Swiss Re: $100bn nat cat loss years are the “new normal”

Swiss Re’s Urs Baertschi has warned the industry that annual cat losses of $100bn per year should be considered the “new normal” following an estimated $50bn of market-wide losses during H1.

Baertschi, who serves as CEO for P&C reinsurance, told The Insurer TV he remains comfortable with Swiss Re’s nat cat risk appetite, but acknowledged there had been a shift in market dynamics over the past 18 months.

“There has been a rebalancing of how risk is shared between insurers and reinsurers, and price adequacy has moved up as well. We expect those trends to continue,” he said.

Baertschi played down concerns that this has diminished the relevance of the reinsurance sector.

“The reinsurance sector continues to be highly relevant to the insurance value chain overall, and the primary role of reinsurers is as a shock absorber.

“If you look at the earthquake in Turkey earlier this year, reinsurers were there to support their clients in helping societies to rebuild after that tragedy. That is the role of a reinsurer, whereas insurers are really better suited to pick[ing] up attritional losses.”

Baertschi said around half of all nat cat losses over the past 30 years have been derived from so-called secondary perils.

“They are called secondary because they tend to be smaller and more localised, but in the aggregate they are a very meaningful part of the natural catastrophe experience for our industry,” he said.

Baertschi said the frequency of these secondary events meant they were more attritional in nature rather than being about volatility protection.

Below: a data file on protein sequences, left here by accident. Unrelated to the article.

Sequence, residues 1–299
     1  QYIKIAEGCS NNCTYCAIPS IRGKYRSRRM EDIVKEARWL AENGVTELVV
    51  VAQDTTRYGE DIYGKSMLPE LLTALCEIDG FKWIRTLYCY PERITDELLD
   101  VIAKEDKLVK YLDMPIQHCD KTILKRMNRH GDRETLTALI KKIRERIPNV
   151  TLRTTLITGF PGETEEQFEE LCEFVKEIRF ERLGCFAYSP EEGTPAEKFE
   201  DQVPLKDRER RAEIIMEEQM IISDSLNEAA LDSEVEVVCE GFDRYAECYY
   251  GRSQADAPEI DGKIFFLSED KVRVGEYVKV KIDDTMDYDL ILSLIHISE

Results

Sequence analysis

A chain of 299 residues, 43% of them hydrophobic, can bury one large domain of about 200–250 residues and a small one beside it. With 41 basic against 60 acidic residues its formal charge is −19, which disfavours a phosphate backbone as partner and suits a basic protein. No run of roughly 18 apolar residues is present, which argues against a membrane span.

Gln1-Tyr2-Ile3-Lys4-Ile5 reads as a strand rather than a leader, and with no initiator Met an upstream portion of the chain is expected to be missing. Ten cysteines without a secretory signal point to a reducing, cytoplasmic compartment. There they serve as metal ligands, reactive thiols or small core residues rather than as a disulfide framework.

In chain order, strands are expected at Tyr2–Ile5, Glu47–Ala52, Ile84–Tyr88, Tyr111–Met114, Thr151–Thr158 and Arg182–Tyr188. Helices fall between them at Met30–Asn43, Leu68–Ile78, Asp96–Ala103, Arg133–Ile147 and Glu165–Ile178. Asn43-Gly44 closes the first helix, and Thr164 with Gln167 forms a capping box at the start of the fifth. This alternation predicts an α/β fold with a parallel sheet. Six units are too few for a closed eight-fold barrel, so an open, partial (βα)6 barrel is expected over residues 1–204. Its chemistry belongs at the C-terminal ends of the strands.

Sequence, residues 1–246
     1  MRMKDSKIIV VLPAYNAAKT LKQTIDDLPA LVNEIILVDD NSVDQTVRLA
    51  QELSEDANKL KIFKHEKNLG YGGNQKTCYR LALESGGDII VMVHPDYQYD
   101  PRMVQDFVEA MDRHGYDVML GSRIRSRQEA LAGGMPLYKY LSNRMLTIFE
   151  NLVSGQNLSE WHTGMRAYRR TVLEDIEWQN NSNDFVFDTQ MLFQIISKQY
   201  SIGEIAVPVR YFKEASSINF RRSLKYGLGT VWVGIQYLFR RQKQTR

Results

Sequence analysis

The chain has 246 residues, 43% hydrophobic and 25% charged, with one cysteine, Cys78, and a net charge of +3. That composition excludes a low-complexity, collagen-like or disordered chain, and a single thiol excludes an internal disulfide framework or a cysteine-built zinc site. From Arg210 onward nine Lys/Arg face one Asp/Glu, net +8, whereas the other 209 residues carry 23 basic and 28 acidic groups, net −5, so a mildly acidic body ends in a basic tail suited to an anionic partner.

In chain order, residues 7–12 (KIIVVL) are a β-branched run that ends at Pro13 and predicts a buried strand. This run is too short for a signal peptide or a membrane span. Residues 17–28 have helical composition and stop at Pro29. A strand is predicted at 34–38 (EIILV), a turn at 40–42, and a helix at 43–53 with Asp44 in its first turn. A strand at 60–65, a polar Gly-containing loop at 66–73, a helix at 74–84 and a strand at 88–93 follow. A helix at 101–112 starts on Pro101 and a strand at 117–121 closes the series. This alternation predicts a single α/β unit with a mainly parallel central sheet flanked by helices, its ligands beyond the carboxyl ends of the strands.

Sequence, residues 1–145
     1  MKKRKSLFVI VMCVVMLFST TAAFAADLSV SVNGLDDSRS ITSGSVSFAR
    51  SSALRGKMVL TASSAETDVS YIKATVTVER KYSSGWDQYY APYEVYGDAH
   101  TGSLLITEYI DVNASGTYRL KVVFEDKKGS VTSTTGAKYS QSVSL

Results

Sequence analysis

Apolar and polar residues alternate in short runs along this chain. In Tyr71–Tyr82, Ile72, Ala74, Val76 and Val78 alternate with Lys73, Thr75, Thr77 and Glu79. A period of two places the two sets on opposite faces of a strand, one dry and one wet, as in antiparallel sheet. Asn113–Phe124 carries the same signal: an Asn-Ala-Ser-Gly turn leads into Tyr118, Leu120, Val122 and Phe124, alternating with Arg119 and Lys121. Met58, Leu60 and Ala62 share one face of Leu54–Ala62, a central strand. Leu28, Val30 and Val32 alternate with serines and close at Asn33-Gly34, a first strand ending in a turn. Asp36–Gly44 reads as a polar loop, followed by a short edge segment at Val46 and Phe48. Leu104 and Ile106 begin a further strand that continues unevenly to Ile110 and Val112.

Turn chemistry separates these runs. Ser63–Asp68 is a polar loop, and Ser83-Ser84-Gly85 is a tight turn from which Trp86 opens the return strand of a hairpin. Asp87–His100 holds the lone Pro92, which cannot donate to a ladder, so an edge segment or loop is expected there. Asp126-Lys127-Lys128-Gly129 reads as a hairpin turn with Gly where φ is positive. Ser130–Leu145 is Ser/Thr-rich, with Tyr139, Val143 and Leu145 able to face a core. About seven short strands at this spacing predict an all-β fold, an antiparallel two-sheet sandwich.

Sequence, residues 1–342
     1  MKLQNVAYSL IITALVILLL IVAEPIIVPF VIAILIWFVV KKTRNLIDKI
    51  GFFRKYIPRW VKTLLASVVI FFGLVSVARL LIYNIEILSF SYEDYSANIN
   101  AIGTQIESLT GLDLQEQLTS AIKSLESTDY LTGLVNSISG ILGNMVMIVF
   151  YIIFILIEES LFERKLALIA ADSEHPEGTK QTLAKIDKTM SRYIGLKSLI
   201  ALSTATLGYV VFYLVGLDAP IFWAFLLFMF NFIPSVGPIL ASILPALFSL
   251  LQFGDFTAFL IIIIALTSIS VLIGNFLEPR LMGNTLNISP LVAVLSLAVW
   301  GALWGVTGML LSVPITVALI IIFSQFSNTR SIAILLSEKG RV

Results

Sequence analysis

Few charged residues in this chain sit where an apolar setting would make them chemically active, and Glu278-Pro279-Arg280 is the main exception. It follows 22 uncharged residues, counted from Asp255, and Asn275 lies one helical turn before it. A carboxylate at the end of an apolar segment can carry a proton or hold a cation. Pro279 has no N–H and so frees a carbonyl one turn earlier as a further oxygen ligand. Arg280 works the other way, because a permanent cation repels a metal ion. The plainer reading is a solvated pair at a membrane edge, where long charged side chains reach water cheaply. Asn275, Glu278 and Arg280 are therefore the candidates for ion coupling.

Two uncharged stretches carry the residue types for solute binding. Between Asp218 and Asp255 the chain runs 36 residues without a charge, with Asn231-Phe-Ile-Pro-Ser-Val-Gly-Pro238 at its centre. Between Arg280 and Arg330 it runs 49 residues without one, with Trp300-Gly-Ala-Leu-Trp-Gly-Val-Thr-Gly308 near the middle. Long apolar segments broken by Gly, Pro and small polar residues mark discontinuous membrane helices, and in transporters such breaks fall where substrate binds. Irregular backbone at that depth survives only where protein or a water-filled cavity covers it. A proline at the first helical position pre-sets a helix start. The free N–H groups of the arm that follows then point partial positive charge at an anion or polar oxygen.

“Volatility is what the reinsurance industry can pick up if it's a one-off every once in a while, but it happens all the time, it's attritional, and those losses are best suited for the [primary] insurance industry to deal with.”

He said he expected the overall nat cat market to continue to grow at the upcoming renewals.

“Over the last 30 years, it's generally grown by between 5 and 7 percent per year. Demand keeps going up – more urbanisation, increasing values, inflation and climate change are driving demand for more protection from clients to their insurance companies, and in turn from insurance companies to reinsurers.”

He said the insurance industry had a critical role to play in discussions around climate change, through its operational, underwriting and investment actions.

“We also have a lot of data. And a big part of the dialogue around climate change is about data. We believe a global, transparent, data- and expert-driven dialogue is necessary to make sufficient progress, and the insurance industry is critical in that.”